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Column 081913 Wall

Monday, August 19, 2013

The Unbelievable and Appalling Release of a Mexican Drug Boss

By Allan Wall

Rafael Caro Quintero, a 1980’s-era Mexican drug baron, was released from prison on August 9th, 2013, to the shock and amazement of many.  The United States Department of Justice called the release “deeply troubling,” and the Mexican Attorney General expressed discontent.  Why was Caro Quintero released, and will this provide a precedent for the release of other dangerous narco criminals?

To understand why Caro Quintero is so infamous, and how he fit into the big picture, it’s necessary to go back in time several decades, as Caro Quintero was one of the founders of the now-extinct Guadalajara Cartel.  The story of Caro Quintero and the murder of Enrique Camarena bring back a lot of bad memories. It’s a tragic history with national sovereignty implications which rivals any fictional crime story cooked up by Hollywood.

In 1981, Mexican-American DEA (Drug Enforcement Administration) agent Enrique Camarena was posted to Mexico where he served as an undercover agent.  Camarena discovered and reported to Mexican authorities the whereabouts of el Búfalo, a 2,500-acre marijuana plantation, worked by thousands of farmers and belonging to Caro Quintero.  It’s been calculated that the plantation’s annual production was valued at US$8 billion.

As a result of the intelligence provided by Camarena, el Búfalo was raided by 450 soldiers with helicopter backup, who burned 10,000 tons of marijuana.

Caro Quintero and other Guadalajara Cartel leaders were furious and sought revenge.  They discovered Camarena’s role and had the DEA agent and his pilot kidnapped (with the help of corrupt policemen).  To torture and kill Camarena, a doctor (Humberto Alvarez Machain) was apparently brought in to extend Camarena’s life so he could be tortured longer.

The DEA responded with Operation Leyenda, an investigation which discovered corruption and cover-up.  Frustrated by the difficulty to extradite, the DEA had Alvarez Machain and others involved kidnapped and taken to the United States to be tried. This provoked a diplomatic dispute with Mexico, as those detained had not been properly extradited.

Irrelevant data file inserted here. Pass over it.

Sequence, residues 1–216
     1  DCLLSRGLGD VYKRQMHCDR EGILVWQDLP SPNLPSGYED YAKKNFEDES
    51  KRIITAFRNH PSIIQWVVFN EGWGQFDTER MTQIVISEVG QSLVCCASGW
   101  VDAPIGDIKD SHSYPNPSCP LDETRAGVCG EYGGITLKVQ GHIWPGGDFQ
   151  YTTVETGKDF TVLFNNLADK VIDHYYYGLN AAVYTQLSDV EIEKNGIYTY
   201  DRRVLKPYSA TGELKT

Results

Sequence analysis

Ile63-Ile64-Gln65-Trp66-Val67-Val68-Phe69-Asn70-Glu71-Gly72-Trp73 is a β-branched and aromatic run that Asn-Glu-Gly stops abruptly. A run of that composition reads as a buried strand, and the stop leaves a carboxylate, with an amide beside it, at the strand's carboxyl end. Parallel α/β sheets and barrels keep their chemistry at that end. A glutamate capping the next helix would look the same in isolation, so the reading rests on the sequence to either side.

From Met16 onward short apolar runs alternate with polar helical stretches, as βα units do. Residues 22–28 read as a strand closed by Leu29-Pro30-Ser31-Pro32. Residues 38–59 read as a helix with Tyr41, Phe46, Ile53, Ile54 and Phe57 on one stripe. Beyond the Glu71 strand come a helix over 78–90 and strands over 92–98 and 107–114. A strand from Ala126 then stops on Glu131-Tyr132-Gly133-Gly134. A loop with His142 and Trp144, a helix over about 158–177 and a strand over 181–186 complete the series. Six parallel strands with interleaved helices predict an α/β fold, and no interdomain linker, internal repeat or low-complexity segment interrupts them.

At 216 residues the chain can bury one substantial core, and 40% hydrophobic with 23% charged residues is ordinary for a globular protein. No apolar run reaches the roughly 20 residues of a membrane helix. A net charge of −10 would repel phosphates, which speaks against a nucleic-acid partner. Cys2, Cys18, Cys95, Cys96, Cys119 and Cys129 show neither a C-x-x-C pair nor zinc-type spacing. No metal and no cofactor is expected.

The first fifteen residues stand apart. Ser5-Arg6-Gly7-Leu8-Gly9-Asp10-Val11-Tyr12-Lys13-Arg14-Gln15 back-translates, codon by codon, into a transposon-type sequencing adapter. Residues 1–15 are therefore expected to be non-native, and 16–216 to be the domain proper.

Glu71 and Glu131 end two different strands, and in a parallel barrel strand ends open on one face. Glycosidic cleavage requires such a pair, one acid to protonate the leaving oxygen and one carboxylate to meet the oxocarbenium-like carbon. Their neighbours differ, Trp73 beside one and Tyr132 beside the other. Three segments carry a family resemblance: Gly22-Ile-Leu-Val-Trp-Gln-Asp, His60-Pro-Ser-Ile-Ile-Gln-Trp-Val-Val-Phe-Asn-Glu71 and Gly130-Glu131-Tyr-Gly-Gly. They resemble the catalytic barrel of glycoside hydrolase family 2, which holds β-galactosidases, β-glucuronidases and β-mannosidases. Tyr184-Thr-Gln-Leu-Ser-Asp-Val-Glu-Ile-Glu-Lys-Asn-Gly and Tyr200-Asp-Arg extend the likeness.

Nowadays, the U.S. and Mexico have coordinated their extradition procedures and  high-profile cartel bosses are often extradited to the United States.  In fact, one gets the impression that the Mexican government prefers to get these individuals off its hands and out of the country.

As for Caro Quintero, he had escaped to Costa Rica but was soon arrested and returned to Mexico.  In 1989, Caro Quintero was convicted for the murder of Camarena (and other charges), and sentenced to 40-years in prison.

Fast forward to 2013, when a court ordered Caro Quintero’s release on the grounds that he was not tried under the proper jurisdiction. The argument is that since Camarena did not technically occupy a diplomatic post, Caro Quintero should have been tried for his murder under state, and not federal, jurisdiction.  So the prisoner was released on August 9th.

The news was shocking, objected to by the U.S. government, and criticized by the Peña Nieto administration.

The question can also be raised, if this argument worked for Caro Quintero’s release, might it also work toward the release of other dangerous Mexican narco barons?

It’s hard to see how the Caro Quintero release helps the Peña Nieto administration.  And in fact, the Mexican federal government may have found a way of getting Caro Quintero out of the country.

On August 14th, 2013, the government announced a new provisional arrest warrant for Rafael Caro Quintero, with the option of extraditing him to the United States (and thereby getting him out of the country).

The Mexican Attorney General, though, has pointed out that Caro Quintero cannot be extradited for the Camarena murder because he’s already been tried for that crime in Mexico.

However, given Caro Quintero’s long rap sheet, it shouldn’t be hard to find evidence of at least one other crime he’s committed.

On the other hand, I don’t think that Caro Quintero is just sitting around waiting to be extradited, either.  If they plan to capture him, they might consider doing it very soon, if they can.

As for the other founders/leaders of the old Guadalajara Cartel, also charged with Camarena’s murder, Miguel Angel Felix Gallardo and Ernesto Fonseca Carrillo are currently imprisoned in Mexico.

Note: I was recently a guest of Silvio Canto, Jr., on his “Canto Talk” radio program.  We discussed the Caro Quintero release, the controversy over Mexico’s state oil monopoly PEMEX, and other topics.  You can listen to the interview here.

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Allan Wall, an educator, resided in Mexico for many years.  His website is located at http://www.allanwall.info.


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